Double Olympic champion Mo Farah has said he was shocked at the latest revelations to hit athletics but has backed Lord Coe to clean up the sport.
Three senior officials received life bans by the International Association of Athletics Federations ethics commission over doping cover-up claims.
Farah said of IAAF president Coe: "He's doing a great job. Obviously it's going to take time, but he's all up for it.
"You don't want to see your sport in a bad way.
"But it's getting rid of the bad ones," he added.
Former IAAF consultant Papa Massata Diack and Russian officials Valentin Balakhnichev and Alexei Melnikov received their bans for multiple breaches of anti-doping rules relating to Russian athlete Liliya Shobukhova.
The news came two days after Coe revealed that the world governing body's anti-doping budget would be doubled as part of his plan to rebuild trust in athletics.
"[Rebuilding trust] is going to take time," said 32-year-old Farah, who won 5,000m and 10,000m gold at the 2012 Olympics.
"We are working on it and that's what we've got to do. We've got to clean up.
"I don't want to see my sport in a bad shadow, but at the same time it's what it needs.
"Hopefully we can live by example. We do the best we can in our country to do what we're doing."
The latest bans come in the wake of Russia's suspension from international competition following systematic doping offences.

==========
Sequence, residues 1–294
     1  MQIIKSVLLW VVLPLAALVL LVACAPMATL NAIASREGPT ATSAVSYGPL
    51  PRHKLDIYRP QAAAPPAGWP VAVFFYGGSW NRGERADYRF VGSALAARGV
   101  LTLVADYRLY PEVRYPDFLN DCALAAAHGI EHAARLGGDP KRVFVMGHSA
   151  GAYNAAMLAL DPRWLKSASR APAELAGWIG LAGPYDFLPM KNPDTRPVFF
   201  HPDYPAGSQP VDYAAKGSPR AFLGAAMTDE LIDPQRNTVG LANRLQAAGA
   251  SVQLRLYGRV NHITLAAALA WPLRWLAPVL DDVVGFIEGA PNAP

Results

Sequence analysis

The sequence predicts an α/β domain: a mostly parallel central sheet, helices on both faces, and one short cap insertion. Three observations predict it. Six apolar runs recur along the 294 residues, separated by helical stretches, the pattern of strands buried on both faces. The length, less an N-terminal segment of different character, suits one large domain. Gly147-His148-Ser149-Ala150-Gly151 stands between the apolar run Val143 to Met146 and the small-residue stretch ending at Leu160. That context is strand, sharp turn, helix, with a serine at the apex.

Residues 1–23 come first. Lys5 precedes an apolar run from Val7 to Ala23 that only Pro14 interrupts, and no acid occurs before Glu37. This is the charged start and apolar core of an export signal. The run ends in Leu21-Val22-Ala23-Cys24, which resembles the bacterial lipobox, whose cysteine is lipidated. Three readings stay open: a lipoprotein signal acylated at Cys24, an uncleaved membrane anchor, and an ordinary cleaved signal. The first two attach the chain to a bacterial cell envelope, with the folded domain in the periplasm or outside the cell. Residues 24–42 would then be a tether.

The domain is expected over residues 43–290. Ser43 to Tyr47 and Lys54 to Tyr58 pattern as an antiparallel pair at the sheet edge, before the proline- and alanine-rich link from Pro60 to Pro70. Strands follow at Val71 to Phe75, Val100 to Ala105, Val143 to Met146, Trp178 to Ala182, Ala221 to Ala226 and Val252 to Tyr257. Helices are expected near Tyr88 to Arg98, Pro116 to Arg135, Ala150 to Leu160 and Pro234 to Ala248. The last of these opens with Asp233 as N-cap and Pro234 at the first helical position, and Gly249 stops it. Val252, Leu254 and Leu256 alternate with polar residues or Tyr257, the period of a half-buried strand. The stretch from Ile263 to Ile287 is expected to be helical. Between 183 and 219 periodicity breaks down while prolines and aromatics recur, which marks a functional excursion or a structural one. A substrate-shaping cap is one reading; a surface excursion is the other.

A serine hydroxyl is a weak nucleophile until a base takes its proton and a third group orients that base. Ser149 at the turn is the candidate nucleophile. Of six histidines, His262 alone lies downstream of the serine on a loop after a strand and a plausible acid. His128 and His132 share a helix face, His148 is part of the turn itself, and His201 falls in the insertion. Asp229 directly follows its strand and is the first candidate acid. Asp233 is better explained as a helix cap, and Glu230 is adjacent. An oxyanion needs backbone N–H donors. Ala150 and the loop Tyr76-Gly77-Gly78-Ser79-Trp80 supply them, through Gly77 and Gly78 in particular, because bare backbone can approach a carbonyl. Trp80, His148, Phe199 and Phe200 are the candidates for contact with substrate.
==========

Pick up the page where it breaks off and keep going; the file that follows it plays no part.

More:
Former president Lamine Diack, father of Papa Massata Diack, is under investigation by French police and the ethics commission.
Nick Davies, deputy general secretary at the IAAF, announced he would step aside from his role as the director of the president's office while the ethics commission investigate allegations against him.
Coe, who succeeded Diack in August, has himself come under pressure in recent months over his former ambassadorial role with Nike.
However, Farah believes his fellow Olympic gold medallist will help athletics move forward.
Farah published a series of his own blood test results in the Sunday Times in August to prove he was himself a clean athlete and said he would prefer to focus on running rather than the debate over doping.
"I had my own reasons to publish them," said Farah, who runs in the Great Edinburgh XCountry on Saturday.
"I had nothing to hide, but at the same time I just want to be able to do what I do and that's to run, represent my country, win medals and get on the start line."